Tracing How Radioactive Materials Are Used in Research

Betsy Ullrich
Sr. Health Physicist
Region I

scientistScientists have been using radioactive materials in research nearly as long as they’ve known there were radioactive materials.

Most radioactive materials are used in research as “tracers.” A radioactive element is attached to a compound in order to see what happens to the compound. In other words, the radioactive material is used to “trace” what happens to the compound. Making the compound with the radiotracer is referred to as “labeling” or “tagging” the compound.

Let’s suppose a scientist is developing a new pesticide for treating crops. In order to understand what happens to that pesticide, the scientist uses tritium to label the compound. The atom of tritium will replace one of the normal hydrogen atoms on that compound. Then the pesticide labeled with the tritium tracer will be applied to a plant in a greenhouse. Samples of the leaves, roots and soil will be collected periodically and tested to see whether there is tritium in the samples.

Then the scientist will know whether the pesticide stays on the leaves, is absorbed into the plant, or gets into the soil from the plant roots or from being washed off the leaves during watering (in a laboratory setting).  

By far, the most frequently used radionuclides for research are carbon‑14 (C14), tritium (H3), iodine‑125 (I125), phosphorus‑32 (P32) and sulfur‑35 (S35), which have low enough energies to be easily shielded with thin plastic. I125 emits low-energy gamma radiation which also is easily shielded by plastic or glass.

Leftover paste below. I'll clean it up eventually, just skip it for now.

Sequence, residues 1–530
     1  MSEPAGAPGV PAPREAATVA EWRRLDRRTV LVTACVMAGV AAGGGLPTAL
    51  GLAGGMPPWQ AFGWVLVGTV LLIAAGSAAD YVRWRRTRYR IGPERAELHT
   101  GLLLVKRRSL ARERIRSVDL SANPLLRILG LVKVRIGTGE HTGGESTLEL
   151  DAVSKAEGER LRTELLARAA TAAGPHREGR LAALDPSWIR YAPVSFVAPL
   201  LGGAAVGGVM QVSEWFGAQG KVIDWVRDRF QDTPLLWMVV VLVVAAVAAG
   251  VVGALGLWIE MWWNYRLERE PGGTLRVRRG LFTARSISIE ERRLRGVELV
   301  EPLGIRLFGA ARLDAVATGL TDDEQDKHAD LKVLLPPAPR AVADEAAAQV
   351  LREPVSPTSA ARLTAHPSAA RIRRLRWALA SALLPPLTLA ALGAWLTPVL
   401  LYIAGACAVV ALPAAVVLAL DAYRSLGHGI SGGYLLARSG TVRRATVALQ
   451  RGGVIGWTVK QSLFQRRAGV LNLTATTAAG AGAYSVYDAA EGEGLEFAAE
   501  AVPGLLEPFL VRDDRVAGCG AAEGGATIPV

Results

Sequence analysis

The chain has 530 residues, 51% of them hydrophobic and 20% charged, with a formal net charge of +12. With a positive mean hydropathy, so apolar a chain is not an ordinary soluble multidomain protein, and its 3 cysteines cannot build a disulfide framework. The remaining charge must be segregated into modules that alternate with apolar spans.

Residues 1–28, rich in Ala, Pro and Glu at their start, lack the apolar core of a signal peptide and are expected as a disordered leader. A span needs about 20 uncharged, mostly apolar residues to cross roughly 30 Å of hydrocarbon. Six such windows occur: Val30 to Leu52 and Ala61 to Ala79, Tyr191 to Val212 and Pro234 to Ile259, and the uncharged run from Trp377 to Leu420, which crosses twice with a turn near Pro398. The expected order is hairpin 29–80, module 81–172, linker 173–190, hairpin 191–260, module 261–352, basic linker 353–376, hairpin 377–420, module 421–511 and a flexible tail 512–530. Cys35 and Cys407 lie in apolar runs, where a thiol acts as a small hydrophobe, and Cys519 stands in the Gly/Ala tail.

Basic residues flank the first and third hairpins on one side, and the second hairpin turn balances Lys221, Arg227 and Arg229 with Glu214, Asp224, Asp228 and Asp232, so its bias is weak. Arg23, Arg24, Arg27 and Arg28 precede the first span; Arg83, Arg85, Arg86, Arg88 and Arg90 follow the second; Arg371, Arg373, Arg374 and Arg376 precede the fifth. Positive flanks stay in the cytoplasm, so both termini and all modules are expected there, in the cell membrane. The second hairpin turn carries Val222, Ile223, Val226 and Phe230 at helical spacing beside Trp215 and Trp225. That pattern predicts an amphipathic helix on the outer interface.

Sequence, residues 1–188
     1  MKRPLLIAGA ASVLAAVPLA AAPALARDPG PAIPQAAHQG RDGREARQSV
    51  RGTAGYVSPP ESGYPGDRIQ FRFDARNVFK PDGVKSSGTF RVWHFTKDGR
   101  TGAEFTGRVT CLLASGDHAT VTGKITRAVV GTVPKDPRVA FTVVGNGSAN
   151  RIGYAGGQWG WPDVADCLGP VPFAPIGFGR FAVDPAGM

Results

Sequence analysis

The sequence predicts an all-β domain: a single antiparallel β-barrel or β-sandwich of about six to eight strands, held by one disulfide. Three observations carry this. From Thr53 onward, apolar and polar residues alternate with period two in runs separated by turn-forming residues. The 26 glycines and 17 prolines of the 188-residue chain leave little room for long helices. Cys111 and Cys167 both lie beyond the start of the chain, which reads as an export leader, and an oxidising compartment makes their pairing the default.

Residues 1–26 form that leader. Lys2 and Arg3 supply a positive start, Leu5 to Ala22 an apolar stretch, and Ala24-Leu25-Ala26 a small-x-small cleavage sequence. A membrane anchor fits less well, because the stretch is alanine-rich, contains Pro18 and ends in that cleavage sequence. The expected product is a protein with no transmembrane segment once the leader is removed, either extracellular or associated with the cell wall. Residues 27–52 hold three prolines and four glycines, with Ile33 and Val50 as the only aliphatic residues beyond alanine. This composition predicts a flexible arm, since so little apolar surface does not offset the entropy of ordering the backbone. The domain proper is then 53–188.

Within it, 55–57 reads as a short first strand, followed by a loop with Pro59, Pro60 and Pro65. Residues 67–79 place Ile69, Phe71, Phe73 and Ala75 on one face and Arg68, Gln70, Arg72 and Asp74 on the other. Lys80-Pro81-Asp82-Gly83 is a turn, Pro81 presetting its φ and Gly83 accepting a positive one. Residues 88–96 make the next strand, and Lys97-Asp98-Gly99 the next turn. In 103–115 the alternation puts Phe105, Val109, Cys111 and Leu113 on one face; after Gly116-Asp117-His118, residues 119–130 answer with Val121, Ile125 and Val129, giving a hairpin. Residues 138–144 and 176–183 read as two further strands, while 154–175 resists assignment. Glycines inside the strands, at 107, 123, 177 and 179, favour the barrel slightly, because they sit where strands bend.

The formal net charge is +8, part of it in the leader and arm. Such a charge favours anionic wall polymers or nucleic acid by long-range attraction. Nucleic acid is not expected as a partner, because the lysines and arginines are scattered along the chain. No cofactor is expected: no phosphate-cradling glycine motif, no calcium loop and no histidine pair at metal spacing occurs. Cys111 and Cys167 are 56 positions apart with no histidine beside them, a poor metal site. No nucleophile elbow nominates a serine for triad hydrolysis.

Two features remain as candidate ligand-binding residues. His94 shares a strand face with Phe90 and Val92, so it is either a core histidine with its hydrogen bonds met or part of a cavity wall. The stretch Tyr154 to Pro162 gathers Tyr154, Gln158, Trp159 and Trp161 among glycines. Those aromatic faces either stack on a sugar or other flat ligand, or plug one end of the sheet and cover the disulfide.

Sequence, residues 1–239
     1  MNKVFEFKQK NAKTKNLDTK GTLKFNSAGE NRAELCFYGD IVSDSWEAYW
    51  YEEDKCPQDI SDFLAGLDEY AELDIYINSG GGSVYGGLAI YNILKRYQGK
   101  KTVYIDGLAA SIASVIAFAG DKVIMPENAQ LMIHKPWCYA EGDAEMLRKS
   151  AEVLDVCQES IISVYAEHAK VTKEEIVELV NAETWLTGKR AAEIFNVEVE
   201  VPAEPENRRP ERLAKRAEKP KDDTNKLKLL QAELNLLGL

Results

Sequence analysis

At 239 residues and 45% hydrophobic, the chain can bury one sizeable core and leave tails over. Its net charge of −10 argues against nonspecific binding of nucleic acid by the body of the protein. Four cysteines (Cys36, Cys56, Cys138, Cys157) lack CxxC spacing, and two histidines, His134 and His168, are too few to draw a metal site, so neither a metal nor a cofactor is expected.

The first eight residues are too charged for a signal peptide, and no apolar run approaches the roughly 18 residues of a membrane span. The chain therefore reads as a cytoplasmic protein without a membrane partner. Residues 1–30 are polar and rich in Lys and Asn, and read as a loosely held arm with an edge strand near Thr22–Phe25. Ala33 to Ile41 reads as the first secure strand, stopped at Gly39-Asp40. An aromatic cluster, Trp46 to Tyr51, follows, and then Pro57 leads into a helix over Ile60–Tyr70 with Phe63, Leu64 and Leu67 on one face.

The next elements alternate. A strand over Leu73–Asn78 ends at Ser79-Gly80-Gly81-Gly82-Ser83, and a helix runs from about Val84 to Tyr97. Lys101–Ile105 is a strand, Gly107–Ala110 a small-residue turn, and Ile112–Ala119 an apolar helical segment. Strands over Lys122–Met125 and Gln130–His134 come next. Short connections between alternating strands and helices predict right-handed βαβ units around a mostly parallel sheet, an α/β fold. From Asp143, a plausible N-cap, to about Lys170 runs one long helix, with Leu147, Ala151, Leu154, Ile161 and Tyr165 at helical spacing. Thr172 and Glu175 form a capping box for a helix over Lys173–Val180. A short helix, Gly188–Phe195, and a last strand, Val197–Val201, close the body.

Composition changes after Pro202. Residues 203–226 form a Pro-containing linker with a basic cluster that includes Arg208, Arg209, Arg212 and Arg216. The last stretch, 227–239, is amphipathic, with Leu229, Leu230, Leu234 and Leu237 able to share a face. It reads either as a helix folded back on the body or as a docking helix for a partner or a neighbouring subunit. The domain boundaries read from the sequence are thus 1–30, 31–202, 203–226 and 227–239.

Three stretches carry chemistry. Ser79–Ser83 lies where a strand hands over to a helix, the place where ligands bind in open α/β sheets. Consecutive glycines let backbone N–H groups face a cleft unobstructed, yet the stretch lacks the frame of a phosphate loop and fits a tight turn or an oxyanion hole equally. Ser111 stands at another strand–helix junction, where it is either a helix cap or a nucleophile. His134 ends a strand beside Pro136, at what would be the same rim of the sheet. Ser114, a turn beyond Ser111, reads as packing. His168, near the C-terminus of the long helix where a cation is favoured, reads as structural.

Only very small quantities of these radionuclides are used, usually measured in microcuries or nanocuries. Because it’s gotten more expensive to use and dispose of radioactive materials, scientists have developed alternate testing methods for many studies. However, some research still requires radioactive materials because they’re the best way to label and trace a compound.

The use of radioactive materials in research requires a license from the NRC or an Agreement State, and scientists who use radioactive materials are trained in radiation safety and their research methods.

Keeping Knowledge “In the Family” at the NRC

Tom Boyce
Branch Chief, Regulatory Guide Development Branch

The NRC’s Office of Nuclear Regulatory Research (RES) produces regulatory guides to provide guidance that nuclear utilities can follow to meet NRC rules for the design and operation of their nuclear plants. The NRC staff also use regulatory guides to review applications from the utilities for plant permits and licenses. New guides are developed when needed – and existing ones are regularly reviewed and updated.

The Regulatory Guide Development Branch (part of RES) is very concerned with promoting “knowledge management” within the agency. We have an obligation to preserve key technical information especially as people leave the agency. Therefore, we have taken steps to make sure we capture, preserve, and transfer important technical knowledge.

communicationwordcloudNRC knowledge management especially is focused on two major ideas. First of all, it is focused on capturing and preserving agency knowledge (technical information) while the information is fresh and available. Second, and equally as important, knowledge management also means ensuring the collected information is transferred to the next generation of NRC staff.

To do this, we encourage NRC staff members to write their knowledge into regulatory guides as they identify technical and regulatory issues. This helps keep the knowledge in a permanent and long-lasting record. This also helps prevent technical information from becoming difficult to find over time. This is a very important responsibility, especially because of staff retirements or reassignments.

 In addition, the NRC staff teams up its junior staff with senior staff to perform the reviews and updates of the regulatory guides. This approach effectively helps pass on regulatory information to the junior staff. It also ensures that this important guidance continues to be available to the NRC staff, its stakeholders, and the public.

Critical knowledge can’t be lost if the NRC is to continue to meet its important mission. We make sure it isn’t.

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